Just back from a talk on primate color evolution. I was gratified to see that the opening slide of the talk included a picture of an anole—didn’t expect that in a monkey talk! However, the image used was the one above. Anole seminar aficionados know that this is a no-no—this image has been used in more talks than is humanly imaginable! The reason is simple: when you Google (or Google Image) Anolis, this image is one of the first couple that pop up. And it’s seemingly a nice picture, so people tend to use it. All the time. But look more closely. This guy is not the Adonnis of the anole world. Rather, his schnozz is very beat up. This fellow should not be the poster child for the anole world. I had always assumed that he was a captive animal, who had rubbed his snout raw against an aquarium wall, as often happens. However, the recent post on fighting A. carolinensis illustrates that perhaps this guy is a fighter, not a lover, and bears the scars of his battles. In any case, a word to the wise: use another anole photo in your presentations.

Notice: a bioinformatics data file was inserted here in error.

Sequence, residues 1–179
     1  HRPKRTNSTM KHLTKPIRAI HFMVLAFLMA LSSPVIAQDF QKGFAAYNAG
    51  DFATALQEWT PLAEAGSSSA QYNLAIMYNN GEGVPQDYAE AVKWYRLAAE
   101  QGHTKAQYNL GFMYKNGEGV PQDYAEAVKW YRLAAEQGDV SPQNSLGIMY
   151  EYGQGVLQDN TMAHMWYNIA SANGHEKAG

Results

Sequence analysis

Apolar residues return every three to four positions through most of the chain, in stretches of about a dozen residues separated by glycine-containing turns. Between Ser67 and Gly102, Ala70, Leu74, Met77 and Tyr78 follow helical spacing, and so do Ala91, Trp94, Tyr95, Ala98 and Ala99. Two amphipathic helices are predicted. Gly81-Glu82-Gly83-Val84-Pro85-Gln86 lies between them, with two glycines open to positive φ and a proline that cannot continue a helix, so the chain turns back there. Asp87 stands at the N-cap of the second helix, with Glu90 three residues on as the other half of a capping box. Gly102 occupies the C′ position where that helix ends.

- Anole Annals is written and edited by scientists who study Anolis lizards. Our goal is to disseminate new scientific research, natural history anecdotes, and a wide range of other anole-related information. To find posts on a particular topic, type a key word into the search box.
- New blog post! SICB 2022: Anole Nesting Behavior under Predator-Presence! : Kaitlyn Murphy : wp.me/p2379Y-9gS #scicomm 11 hours ago
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